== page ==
Based on a common plan for station buildings around 1936, this rectangular frame structure has a ticket wicket in the front square bay window where the station agent was located, a covered area for waiting passengers, and a baggage storage area at the north end.
This simple frame building was originally located on Lot 3, Concession 10 in the Village of Cedar Grove, Markham Township. The blacksmith shop was built by Henry Lapp c. 1862 and it remained in his ownership until 1905. For the 30 years between 1866 and 1896 there was a succession of 9 blacksmiths who located their business in this building. The final blacksmith was Arthur Clendenen who first began working in this shop in 1896 and was known to be able to single-handedly put on 90 horseshoes in one day. He purchased the shop from Henry Lapp in 1905 and continued to work there for ever 60 years until 1956. In 1977, the Cedar Grove Blacksmith Shop was relocated to the Museum grounds.
The components of the Cider Mill came from three separate mills in three different Townships. Originally, the building itself was an old drive shed from the Lapp property at Lot 3, Concession 10. The majority of the mill’s inner-workings were obtained from the Lapp Cider Mill on Lot 5, Concession 10. This cider mill is considered to be one of the earliest and largest cider mills operating in Markham Township in the mid-to-late-19th century. All of this old mill equipment was purchased and donated to the Museum by Austin Reesor. The line shafts, through which belts drive the machinery, are a third component of the Cider Mill and these were taken from Altona Mills which was located on Lot 31, Concession 9 in nearby Pickering Township. The owner of Altona Mills, Peter Nighswander, purchased the screw press from the Stouffville Vinegar Works. The Museum rebuilt the drive shed and installed the equipment between 1981 and 1983 and the mill was fully operational in 1983 for Markham Museum’s First Annual Applefest.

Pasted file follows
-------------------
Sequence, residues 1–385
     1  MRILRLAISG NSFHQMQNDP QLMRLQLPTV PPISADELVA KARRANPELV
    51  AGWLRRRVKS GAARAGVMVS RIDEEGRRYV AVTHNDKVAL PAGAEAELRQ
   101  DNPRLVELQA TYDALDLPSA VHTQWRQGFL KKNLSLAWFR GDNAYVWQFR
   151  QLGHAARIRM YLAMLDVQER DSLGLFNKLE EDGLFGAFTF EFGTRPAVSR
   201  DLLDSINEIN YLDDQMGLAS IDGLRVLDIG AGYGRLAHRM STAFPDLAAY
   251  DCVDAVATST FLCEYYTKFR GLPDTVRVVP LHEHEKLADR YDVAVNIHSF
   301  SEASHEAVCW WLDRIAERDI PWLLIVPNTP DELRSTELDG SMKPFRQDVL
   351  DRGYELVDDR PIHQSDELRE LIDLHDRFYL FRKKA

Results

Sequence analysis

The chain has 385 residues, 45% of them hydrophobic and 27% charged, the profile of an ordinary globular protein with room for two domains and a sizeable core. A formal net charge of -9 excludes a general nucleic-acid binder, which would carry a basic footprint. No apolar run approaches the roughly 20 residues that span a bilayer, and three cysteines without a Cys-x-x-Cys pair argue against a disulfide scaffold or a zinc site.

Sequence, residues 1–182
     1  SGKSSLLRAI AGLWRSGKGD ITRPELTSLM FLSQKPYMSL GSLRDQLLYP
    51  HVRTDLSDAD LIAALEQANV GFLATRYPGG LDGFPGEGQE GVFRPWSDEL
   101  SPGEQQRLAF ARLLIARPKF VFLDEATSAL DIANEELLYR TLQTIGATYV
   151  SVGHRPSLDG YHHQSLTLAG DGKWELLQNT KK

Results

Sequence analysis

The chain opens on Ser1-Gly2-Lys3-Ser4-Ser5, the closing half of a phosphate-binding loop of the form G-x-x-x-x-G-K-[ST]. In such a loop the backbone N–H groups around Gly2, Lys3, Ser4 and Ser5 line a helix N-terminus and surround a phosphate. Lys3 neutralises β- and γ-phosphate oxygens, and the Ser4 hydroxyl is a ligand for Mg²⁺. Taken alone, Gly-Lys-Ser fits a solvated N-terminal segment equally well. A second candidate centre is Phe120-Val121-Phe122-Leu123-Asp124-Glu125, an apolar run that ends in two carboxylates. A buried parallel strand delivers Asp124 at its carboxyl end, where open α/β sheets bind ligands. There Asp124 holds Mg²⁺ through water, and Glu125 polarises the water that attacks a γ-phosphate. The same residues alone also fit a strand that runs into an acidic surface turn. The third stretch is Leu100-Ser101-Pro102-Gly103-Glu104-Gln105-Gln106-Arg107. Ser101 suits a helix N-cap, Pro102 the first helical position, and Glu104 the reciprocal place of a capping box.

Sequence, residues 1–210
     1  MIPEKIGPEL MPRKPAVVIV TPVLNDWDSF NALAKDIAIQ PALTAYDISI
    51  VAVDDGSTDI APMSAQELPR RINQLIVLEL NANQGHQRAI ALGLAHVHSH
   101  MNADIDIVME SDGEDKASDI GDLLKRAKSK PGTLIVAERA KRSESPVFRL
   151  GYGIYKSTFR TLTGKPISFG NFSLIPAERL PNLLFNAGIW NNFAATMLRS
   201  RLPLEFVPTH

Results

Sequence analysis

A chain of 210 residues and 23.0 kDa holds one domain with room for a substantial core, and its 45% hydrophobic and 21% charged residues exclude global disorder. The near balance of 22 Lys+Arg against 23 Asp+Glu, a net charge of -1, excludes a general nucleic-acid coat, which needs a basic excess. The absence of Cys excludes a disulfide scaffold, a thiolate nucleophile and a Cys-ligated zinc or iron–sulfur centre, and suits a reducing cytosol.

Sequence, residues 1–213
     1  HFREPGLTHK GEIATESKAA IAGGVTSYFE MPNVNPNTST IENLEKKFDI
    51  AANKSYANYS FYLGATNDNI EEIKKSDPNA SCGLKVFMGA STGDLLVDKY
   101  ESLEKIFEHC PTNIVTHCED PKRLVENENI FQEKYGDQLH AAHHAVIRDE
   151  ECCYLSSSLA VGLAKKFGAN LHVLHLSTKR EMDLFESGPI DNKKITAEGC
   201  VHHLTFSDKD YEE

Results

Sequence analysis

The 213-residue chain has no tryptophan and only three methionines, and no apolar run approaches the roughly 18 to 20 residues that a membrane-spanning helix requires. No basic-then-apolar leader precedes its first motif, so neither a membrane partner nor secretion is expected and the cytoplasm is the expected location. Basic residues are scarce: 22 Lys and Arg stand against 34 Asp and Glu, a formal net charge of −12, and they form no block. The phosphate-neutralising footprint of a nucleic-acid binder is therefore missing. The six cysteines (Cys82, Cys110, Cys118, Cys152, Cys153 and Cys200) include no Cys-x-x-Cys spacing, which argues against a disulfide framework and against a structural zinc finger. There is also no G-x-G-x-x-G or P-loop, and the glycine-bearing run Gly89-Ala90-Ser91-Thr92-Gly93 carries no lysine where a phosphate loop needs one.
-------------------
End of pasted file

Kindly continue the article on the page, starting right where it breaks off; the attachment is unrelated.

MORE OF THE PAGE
William Ratcliff emigrated from England with his wife Sarah in 1846 and eventually settled in Markham Township on Lot 35, Concession 6. By 1851, the Ratcliff family were operating a water-powered sawmill from the head of the Little Rouge River on their property. The Ratcliff sawmill was passed on through the family generations, until it ceased operation in the 1970s. In 1936, this water-powered sawmill came to be powered by a massive diesel engine. The working components of the mill and this diesel engine were moved to the Museum for safekeeping after the mill closed down in the 1970s. Unfortunately, a fire destroyed the actual mill building structure in 1982. Ashmore Reesor donated a barn for the new mill on the Museum grounds and the original Ratcliff Mill mechanical equipment was installed and made operational. Also located in the mill is additional equipment, dating from the early 20th century, which was typically used in Markham in the production of wood.